With Shadow Rites Faith Hunter has done it again. The book starts with immediate action – a magical attack on Jane’s house. Who is responsible, and why? What did they hope to achieve? Jane has other problems, too, with the Witch Council coming to New Orleans, and Yellowrock Securities being responsible for security at the event. She’s pretty sure that it isn’t going to be straightforward, and indeed, she proves to be right.
There’s a mad master vampire in a pit, eyes on people’s hands, and other mysterious magics that are doubtless going to come back to bite Jane later. If Faith Hunter had this planned all along (and I think she probably did), I’m going to have to go back and read the earlier books to see what I missed! This kind of thing is, for me, the mark of an excellent author – one who lays plans years in advance, waiting to ambush her readers with something amazing that they didn’t see coming (but should have, except that the author sneakily distracted them). I love reading book #10 and thinking “So that’s why X happened in book #1.”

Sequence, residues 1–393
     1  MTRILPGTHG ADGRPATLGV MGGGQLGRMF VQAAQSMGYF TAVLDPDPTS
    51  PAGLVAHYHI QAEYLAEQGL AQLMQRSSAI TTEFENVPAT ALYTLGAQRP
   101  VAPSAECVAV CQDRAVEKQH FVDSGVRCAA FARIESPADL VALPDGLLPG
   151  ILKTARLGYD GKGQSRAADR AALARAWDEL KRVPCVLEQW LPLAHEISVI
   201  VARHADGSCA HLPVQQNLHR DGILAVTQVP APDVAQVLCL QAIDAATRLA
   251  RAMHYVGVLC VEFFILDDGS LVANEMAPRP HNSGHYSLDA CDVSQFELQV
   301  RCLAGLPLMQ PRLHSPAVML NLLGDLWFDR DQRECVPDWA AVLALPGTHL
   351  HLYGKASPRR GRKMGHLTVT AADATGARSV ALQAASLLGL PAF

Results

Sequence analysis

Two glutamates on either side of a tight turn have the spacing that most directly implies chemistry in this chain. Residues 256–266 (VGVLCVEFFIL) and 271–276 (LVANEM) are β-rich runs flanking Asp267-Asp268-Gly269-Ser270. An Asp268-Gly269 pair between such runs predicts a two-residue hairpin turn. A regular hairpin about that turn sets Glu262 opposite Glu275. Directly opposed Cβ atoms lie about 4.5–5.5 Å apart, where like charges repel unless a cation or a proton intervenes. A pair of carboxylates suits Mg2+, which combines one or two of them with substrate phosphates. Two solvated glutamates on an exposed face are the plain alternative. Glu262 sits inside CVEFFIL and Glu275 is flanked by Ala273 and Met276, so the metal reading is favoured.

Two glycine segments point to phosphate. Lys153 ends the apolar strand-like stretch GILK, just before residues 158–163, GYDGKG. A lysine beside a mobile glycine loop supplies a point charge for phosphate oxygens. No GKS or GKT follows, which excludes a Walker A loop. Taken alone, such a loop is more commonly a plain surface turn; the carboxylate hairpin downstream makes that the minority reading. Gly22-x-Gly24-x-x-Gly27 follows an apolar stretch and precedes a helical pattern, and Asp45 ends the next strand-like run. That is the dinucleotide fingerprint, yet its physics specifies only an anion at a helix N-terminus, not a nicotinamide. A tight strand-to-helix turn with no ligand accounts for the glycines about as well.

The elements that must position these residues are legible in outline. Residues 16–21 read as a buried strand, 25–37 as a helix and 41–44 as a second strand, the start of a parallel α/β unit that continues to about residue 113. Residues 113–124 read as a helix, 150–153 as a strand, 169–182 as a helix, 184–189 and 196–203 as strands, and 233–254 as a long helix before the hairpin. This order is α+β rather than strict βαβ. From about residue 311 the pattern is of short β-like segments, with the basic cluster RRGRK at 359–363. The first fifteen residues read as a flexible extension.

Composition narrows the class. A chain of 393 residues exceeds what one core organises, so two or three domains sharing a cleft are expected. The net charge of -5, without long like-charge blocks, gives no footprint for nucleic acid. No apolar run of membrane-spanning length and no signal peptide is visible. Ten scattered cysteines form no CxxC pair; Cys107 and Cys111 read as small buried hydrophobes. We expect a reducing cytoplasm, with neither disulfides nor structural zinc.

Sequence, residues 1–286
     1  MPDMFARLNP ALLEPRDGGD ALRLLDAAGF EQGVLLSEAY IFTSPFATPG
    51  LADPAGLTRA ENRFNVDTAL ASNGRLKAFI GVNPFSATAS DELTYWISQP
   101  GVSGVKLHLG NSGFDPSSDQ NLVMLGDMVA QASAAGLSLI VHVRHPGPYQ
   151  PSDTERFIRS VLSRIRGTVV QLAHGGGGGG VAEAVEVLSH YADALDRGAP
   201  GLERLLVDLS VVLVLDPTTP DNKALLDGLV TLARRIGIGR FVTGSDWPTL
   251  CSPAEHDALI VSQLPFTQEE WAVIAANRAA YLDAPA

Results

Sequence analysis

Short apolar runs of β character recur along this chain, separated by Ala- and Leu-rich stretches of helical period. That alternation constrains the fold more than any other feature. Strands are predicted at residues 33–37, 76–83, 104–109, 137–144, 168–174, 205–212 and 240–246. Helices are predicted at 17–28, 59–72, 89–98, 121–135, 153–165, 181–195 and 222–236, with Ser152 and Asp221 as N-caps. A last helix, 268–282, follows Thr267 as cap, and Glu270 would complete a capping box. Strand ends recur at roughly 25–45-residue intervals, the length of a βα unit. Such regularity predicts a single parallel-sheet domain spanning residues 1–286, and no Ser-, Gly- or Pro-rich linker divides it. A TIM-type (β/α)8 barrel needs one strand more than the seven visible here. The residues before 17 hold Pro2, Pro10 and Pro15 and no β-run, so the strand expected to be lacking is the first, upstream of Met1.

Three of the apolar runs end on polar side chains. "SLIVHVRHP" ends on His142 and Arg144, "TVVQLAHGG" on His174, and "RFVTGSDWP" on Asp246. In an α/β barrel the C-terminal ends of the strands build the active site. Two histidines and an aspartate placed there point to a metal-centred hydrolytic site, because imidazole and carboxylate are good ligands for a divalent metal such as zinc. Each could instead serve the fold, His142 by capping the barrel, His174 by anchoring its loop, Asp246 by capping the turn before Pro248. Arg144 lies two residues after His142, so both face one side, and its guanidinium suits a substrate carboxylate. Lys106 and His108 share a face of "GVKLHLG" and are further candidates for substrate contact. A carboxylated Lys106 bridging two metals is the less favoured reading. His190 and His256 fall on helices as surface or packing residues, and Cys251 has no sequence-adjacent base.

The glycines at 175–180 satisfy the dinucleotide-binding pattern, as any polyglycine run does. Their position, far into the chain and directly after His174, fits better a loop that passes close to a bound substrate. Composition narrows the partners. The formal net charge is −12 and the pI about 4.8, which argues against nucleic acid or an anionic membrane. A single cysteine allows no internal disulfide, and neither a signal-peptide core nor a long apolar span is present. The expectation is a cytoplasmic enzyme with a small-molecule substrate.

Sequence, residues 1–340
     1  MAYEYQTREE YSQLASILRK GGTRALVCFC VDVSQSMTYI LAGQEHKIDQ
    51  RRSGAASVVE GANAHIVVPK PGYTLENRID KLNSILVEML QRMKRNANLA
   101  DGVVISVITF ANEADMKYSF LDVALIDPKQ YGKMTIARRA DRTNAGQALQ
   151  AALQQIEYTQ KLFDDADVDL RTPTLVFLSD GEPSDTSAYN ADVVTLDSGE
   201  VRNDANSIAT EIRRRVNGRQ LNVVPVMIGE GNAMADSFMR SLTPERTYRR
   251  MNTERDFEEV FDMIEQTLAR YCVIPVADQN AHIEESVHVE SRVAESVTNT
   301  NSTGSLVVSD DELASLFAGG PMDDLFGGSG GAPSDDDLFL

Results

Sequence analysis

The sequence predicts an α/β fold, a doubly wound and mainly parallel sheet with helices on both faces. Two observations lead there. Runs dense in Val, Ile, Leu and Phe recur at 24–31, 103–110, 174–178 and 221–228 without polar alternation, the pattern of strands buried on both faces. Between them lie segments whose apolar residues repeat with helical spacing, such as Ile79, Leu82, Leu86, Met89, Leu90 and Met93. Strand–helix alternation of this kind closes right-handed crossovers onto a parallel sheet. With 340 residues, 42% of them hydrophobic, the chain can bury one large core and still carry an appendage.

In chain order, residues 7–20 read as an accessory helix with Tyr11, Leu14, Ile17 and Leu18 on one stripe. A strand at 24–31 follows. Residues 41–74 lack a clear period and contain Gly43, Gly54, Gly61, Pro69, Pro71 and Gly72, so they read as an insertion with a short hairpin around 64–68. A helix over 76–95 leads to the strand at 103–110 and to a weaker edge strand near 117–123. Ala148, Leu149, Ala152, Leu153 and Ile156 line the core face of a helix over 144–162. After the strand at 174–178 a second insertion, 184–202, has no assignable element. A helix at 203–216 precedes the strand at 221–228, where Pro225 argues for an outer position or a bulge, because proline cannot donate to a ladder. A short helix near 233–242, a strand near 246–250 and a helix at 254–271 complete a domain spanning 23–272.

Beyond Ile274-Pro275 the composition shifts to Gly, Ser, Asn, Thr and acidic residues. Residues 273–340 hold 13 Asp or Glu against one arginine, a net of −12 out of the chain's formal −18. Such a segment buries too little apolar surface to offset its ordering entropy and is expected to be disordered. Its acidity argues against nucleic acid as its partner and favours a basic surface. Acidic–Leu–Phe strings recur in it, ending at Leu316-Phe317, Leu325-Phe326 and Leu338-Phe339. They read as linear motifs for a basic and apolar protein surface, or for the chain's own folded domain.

Since witches are involved, Molly, Angie, Evan and little Evan are featured in this book. Molly is becoming less irritating as a character, and less inclined to screw up, expect Jane to sort out the problem, and then blame Jane for the results. Angie, too, is coming into her own. I’m starting to like Angie – she’s growing out of the cutesy-little-girl phase and showing hints of being a young lady to be reckoned with.
And Edmund. I do like Edmund. Once again, one gets the distinct impression that Edmund is playing his own game – a long, deep one. The stakes (ha!) must be high, because he’s taking some big risks. He’s also got a sly sense of humour that most people don’t notice.
Jane, too, is developing. At the beginning of the series, she was working on her own. Now she’s got partners and family. She’s building a life in New Orleans, and I’m wondering when she’ll realise it.
I’m thoroughly looking forward Cold Reign, which is the next in the series.